Das Kasperlspiel, and walked around like a puppet for the rest of the day.
This game is pretty straightforward; to play you just claim one Harlequin movable card and arrange its arms and legs into a starting position. Then shuffle the Harlequin cards and deal them out into three piles, which should then be turned face up. The youngest player begins and tries to make their Harlequin match one of the cards they can see by moving only one arm or leg one position. If you succeed in matching one of the images on your turn you get to claim that card from the top of the pile. If you don’t manage to match one of the cards it is the next players turn. The highest number of cards that any player can in one turn is two, and this is only possible if a players Harlequin matches a card that’s already face-up when their turn begins. They are then allowed to claim that card before moving their Harlequin to try and claim another. The game ends when all the cards have been claimed and the player with the most cards wins. If two players are tied for the most cards then the points (shown in a small coloured circle on each card) are added up and the player with the highest number of points wins.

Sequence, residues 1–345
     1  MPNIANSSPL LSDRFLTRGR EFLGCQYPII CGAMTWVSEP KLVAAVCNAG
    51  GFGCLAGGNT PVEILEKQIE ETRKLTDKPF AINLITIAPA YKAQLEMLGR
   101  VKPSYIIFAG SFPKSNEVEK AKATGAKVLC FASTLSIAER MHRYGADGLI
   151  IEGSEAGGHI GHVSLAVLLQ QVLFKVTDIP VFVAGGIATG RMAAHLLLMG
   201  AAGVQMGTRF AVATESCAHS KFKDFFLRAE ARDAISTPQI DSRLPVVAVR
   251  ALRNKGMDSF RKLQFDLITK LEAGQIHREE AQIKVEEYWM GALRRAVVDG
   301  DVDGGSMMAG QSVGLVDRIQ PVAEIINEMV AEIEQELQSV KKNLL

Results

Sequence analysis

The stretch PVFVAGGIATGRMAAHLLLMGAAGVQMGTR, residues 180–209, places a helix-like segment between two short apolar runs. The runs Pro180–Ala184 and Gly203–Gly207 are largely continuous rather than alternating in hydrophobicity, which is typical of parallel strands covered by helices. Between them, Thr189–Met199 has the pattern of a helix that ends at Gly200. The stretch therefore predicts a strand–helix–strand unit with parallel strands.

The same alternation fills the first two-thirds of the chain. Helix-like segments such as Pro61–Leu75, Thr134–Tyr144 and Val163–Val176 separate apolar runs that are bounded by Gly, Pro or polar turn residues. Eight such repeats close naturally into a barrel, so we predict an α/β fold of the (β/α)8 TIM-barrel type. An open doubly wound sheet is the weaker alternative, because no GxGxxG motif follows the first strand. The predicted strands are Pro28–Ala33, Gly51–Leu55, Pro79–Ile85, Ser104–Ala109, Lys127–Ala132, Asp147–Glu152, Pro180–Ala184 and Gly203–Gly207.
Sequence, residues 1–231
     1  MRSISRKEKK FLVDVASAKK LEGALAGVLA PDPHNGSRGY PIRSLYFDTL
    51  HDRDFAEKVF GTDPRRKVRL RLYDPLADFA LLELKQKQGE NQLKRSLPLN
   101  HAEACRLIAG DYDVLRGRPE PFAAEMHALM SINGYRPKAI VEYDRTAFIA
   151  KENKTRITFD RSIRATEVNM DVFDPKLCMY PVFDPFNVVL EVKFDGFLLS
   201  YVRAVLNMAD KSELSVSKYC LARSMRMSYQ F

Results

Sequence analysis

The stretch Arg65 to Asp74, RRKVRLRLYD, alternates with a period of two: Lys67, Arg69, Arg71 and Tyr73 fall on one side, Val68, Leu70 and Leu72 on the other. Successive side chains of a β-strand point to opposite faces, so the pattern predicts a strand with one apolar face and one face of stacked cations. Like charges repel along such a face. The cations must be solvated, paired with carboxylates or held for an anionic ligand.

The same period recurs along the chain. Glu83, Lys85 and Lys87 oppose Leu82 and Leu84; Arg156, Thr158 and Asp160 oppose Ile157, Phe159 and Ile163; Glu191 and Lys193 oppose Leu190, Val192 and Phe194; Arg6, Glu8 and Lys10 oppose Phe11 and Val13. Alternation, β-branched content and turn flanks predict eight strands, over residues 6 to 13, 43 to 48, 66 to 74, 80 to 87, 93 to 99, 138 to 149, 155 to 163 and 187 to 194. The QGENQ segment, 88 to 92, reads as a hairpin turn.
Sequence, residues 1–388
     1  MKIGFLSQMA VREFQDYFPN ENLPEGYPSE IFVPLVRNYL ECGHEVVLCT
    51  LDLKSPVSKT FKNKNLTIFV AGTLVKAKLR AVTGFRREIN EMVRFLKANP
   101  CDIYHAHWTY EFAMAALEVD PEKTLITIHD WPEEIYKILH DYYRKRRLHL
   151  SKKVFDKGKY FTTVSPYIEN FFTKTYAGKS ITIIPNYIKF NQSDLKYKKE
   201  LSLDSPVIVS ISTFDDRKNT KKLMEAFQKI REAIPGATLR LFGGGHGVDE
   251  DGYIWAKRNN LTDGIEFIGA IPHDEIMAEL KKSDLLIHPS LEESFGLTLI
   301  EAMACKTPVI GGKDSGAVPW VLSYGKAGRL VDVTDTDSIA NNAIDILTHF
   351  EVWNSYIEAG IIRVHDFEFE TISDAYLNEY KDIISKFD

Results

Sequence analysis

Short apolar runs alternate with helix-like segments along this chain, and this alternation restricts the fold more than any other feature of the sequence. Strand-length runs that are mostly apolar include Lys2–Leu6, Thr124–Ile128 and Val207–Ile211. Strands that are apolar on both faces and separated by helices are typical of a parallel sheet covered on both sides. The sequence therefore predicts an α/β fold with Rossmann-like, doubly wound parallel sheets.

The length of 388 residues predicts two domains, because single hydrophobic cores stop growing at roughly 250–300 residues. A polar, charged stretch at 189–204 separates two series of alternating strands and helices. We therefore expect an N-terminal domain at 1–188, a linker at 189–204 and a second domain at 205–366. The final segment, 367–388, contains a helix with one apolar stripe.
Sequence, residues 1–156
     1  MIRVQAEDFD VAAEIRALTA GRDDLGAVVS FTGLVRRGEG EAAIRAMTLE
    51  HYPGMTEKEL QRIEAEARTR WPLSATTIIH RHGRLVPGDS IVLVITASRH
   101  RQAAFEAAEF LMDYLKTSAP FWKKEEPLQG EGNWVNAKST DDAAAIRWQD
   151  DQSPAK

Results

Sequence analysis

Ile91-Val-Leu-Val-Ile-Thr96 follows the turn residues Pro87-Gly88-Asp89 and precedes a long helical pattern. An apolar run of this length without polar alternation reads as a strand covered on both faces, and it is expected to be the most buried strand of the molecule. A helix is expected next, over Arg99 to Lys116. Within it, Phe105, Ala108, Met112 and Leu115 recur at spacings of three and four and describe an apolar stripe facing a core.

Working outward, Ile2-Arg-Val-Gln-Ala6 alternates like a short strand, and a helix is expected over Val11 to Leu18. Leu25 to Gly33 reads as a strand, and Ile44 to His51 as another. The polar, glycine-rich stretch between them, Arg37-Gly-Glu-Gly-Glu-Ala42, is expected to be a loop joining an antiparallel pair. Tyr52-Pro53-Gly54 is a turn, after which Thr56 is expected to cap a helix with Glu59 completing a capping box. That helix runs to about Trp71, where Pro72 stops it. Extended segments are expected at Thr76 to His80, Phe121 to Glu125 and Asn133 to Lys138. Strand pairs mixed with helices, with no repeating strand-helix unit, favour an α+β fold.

Maybe… To be honest, although I like this game, I also struggle with it a bit. It requires quite a lot more concentration than games from our previous posts of this years Twelve Games series to consider the most logical/efficient way of moving your Harlequin. On top of that, Aunt Jean definitely wouldn’t be able to cope with it, it’s likely she’d find it boring and too fiddly. I would recommend it to families who like serious, logical games. Not because it’s difficult, but simply because you have to concentrate that little bit harder on it.
Happy Sixth Day of Christmas! It’s around this time that people are starting to have to go back to work and there’s less time for games, but if you’ve got kids, or lots of holiday days, keep the games flowing!